financial advice, Financial Planning

FAAA wants CSLR funding clarity

AFCA CSLR Dixon Advisory FAAA Financial Advice Association Australia compensation scheme of last resort

The FAAA has once again called on Treasury to explain why advisers should be forced to fund compensation claims arising from the Dixon Advisory case.

The Financial Advice Association Australia (FAAA) has called on Assistant Treasurer Stephen Jones to review funding arrangements for the compensation scheme of last resort (CSLR) amid worries about increasing costs from new claims.

Specifically, the industry body highlighted 544 additional complaints had been lodged by victims seeking compensation from Dixon Advisory and Superannuation Services with the Australian Financial Complaints Authority (AFCA) since February 2024.

The surge of complaints since this time is expected to result in an added burden of around $65 million for the financial advice sector, translating to an extra levy of $4165 per adviser in addition to the costs already set by AFCA.

FAAA chief executive Sarah Abood questioned the fairness of expecting individual advisers to fund claims stemming from a case involving a large firm after the association approached Jones for a solution to the rising impost.

“We urgently call upon the government to review the funding model of the CSLR. Not only is it completely unfair, but it is also economically impossible for the small business financial advice sector to underwrite the failures of large listed firms,” she pointed out.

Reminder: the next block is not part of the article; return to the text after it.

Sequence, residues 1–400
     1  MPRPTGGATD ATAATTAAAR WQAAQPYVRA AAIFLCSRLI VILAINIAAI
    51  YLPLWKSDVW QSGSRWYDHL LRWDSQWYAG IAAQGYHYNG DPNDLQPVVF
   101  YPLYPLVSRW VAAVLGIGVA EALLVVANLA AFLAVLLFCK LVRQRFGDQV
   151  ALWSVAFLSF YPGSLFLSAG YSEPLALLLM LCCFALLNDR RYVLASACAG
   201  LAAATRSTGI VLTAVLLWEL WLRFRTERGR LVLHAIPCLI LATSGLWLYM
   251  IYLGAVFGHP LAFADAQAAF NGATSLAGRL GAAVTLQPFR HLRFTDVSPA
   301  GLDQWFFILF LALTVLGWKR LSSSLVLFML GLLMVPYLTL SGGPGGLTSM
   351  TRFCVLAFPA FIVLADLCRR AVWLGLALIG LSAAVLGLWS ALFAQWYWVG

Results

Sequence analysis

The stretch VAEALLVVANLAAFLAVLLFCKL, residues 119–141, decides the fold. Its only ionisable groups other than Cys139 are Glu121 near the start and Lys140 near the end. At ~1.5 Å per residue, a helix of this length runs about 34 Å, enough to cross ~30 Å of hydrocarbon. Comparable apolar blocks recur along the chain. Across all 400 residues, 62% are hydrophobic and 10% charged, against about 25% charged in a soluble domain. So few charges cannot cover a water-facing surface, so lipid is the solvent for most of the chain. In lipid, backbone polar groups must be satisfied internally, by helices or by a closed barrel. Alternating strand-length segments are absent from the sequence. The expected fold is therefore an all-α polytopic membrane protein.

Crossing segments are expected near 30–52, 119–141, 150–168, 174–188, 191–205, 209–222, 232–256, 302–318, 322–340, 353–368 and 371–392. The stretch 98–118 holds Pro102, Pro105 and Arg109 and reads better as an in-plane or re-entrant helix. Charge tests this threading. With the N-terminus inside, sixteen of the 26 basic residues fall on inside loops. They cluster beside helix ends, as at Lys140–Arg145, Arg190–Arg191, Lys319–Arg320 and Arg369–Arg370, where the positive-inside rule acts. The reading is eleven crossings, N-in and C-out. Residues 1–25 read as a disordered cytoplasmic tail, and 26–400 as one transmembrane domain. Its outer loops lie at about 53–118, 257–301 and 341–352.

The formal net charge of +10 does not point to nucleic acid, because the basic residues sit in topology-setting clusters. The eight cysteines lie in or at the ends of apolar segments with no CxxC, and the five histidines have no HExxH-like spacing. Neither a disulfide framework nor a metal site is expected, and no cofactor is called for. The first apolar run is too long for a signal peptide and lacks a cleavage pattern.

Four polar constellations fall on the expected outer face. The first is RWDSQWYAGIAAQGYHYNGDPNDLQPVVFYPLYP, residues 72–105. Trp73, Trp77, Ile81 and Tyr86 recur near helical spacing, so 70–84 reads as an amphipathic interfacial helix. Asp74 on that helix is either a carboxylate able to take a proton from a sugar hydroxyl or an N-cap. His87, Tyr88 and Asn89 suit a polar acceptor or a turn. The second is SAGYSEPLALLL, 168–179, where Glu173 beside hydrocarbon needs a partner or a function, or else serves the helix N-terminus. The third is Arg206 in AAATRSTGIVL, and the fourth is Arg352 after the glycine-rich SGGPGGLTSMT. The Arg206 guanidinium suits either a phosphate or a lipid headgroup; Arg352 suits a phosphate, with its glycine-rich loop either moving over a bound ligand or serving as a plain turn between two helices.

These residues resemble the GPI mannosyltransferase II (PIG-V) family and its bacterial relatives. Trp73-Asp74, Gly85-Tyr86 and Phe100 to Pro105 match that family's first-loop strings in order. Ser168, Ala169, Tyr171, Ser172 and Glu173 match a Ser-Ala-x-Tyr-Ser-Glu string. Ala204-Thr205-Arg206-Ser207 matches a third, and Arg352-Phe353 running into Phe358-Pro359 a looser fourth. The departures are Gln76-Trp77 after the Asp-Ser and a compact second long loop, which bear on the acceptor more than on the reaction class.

“Why should financial advisers pay for the failure of Dixon Advisory, a subsidiary of the large listed group Evans and Partners, which earned over $174 million in revenue last financial year?

“They should not, and they cannot. It is not too much to say that this matter represents an existential threat to our profession.

“The minister has not yet responded to our many requests for engagement on this matter, and we call upon him again to work with us urgently to find a sustainable solution to this crisis.”

She also reiterated concerns regarding the indefinite extension of Dixon Advisory’s AFCA membership alongside the retroactive application of the CSLR, as it could result in an ongoing funding liability for advisers.

“The Dixon Advisory AFCA membership has already been extended twice and the entity was put into administration over two years ago now. We urgently call upon the AFCA board to clarify the process and timing for that membership to end,” she said.

According to AFCA, Dixon Advisory has retained its membership as the Australian Securities and Investments Commission mandated this condition until at least April 8 this year upon revoking the firm’s Australian financial services licence.

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